Tuesday, July 7, 2015

Meanwhile In China...

We've touched on the wild move in Chinese stocks several times over the course of the last year and most recently highlighted the 28% drop in the Shanghai Composite Index from its June 12 highs. The tweet above, by Josh Brown of Ritholtz Wealth Managment, illustrates just how active Chinese authorities have been in their efforts to stem the slide in stocks.

The Wall Street Journal noted this morning:

"Chinese stocks fell Tuesday, casting doubt on the government’s ability to stem the slide.

Over the weekend, Beijing took its most aggressive action yet to boost its markets, suspending initial public offerings and lending cash to investors to buy stocks. China’s brokers vowed to buy shares until the Shanghai Composite hits the 4500 level.  But the market fell 1.3% Tuesday to 3727.12, putting it down 27.9% from its peak and 17.2% below the promised 4500 level. More worrying is that the market performed worse than the index makes it seem.
China’s smaller Shenzhen stock market fell for the second straight day, putting it down 5.3% for the week while the ChiNext board, composed of smaller cap stocks, and dropped 11.2% to 2352.01. Both indexes are off more than a third from June highs..."
As a result of the near non-stop selling that's taken place in Chinese equities over the last month, we've seen the US traded FXI etf retrace the entirety of its near 30% YTD gain through April and now go negative on the year.

To be fair, the FXI is basket of large cap Chinese stocks that trade on the Hong Kong stock exchange and not indicative of the entire Chinese market.  In fact, even though the Shanghai Composite is down nearly 30% in last month, it's still up over 80% over a the last year.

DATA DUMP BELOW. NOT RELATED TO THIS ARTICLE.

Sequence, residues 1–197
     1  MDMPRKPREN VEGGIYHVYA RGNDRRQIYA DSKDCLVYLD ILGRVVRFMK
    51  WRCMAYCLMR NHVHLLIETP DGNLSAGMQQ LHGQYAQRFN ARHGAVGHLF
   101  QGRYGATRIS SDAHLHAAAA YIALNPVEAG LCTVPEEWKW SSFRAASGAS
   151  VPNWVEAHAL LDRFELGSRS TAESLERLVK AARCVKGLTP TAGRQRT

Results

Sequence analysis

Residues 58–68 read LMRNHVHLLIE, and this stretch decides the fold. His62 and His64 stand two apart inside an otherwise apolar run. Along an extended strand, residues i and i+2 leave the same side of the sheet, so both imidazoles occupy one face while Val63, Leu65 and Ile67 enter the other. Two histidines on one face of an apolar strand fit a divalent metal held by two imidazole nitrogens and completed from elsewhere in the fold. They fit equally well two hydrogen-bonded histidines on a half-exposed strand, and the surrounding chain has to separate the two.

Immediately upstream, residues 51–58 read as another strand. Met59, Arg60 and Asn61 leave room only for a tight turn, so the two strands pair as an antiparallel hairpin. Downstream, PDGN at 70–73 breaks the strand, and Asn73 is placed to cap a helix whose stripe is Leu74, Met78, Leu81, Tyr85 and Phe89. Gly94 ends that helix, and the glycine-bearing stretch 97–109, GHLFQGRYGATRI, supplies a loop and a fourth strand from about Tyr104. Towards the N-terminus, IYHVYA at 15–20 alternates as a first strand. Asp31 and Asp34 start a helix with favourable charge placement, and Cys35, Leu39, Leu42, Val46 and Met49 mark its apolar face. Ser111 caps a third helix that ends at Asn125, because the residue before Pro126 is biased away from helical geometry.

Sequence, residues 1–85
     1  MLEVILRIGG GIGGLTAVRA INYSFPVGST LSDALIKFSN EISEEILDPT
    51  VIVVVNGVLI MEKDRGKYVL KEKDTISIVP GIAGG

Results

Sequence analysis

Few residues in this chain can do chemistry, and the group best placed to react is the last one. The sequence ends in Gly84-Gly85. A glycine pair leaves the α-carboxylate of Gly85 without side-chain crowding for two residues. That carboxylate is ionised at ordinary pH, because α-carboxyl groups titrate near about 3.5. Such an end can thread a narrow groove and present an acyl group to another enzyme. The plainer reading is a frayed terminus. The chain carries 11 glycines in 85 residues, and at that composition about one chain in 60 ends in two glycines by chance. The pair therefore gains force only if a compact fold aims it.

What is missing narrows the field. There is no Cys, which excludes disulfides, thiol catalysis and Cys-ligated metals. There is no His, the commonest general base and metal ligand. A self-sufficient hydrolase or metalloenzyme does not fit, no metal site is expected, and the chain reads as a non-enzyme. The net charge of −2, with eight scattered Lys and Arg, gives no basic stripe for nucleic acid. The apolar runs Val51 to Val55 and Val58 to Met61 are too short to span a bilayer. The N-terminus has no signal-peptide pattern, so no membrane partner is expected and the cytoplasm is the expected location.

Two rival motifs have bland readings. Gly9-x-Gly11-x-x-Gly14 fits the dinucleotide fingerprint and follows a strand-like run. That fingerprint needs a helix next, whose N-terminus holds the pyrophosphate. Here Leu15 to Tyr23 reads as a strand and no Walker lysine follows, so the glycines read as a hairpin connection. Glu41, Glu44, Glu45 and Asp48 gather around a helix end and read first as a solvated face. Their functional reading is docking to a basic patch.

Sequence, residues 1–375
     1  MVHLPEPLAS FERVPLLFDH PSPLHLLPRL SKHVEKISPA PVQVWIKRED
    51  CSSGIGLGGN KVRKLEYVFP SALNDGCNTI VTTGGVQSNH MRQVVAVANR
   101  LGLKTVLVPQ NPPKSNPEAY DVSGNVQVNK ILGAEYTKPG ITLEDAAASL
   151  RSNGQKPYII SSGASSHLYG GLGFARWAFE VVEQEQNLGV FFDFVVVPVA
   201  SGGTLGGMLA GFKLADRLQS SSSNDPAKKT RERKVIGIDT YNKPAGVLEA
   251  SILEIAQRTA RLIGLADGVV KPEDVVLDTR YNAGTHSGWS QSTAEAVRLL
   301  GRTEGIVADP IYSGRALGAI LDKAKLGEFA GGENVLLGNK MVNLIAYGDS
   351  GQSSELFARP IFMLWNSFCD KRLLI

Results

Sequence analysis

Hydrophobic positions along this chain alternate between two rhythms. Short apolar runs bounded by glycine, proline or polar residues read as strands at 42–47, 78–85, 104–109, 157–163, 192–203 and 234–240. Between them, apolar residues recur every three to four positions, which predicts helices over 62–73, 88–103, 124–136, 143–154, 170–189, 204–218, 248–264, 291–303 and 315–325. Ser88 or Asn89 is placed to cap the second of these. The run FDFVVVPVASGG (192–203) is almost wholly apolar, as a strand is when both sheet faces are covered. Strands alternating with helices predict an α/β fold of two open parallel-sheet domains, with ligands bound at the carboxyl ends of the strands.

So while their market whips around and China's government attempts to get order (aka the uptrend) restored, we thought that finding some historical perspective in which to place this market action would be helpful. Fortunately, the New York Times offered just that in an article yesterday by Neil Irwin.  As it turns out, the meteoric rise and subsequent plunge in Chinese stocks isn't all that out of the norm.

Per Irwin:
"The data, though, suggest that the market declines thus far aren’t as outlandish as the Chinese government seems to think. The Shanghai composite index began an upward tear in late 2014, soaring 151 percent from the start of July last year to the June high…
As it turns out, if you look at a slightly longer time horizon, the kind of volatility in Chinese stocks witnessed over the last year isn’t that uncommon. The 2010 to 2013 period was more aberration than trend in the steady, consistent rise in prices."

He goes on to illustrate (citing Bloomberg) just how much more volatile Chinese equities have been relative to an index of global stocks over the last decade.  They saw incredible volatility in the 2007-2008 boom/bust cycle and then several times again after the 2009 bottom. Partly to blame, he says, is the Chinese stock market being less developed than its counterparts and the companies that do actually list on a Chinese exchange commonly have questionable business models and accounting protocol.

Lastly, Irwin asserts that this most recent rise and crash was also brought on by a dramatic increase in investor speculation.  As stocks exploded higher, they were not accompanied by an increase in company earnings.  This led to the p/e ratio of the Shanghai Composite going from a very modest 10 all the way up to 26 and back down to where it sits now at 19.  At the same time, the Chinese economy has slowed from the unsustainable double digit growth of the mid to late 2000's to settle in the 7-8% range in recent years.  This is not necessarily the backdrop that warrants a doubling of any stock market.  However, when spurred by lowered interest rates and quantitative easing a market  of eager investors can move beyond reason.

We'll be watching to see what, if any, policy response by the Chinese government can help to ease the current rout in stocks.  Until then, investors over there are likely to feel further pain as forced margin calls and trading halts mount by the day. 

Ryan Worch is the Managing Director of Worch Capital LLC. Worch Capital LLC is the general partner of a long/short equity strategy that operates with a directional bias and while emphasizing capital preservation at all times.

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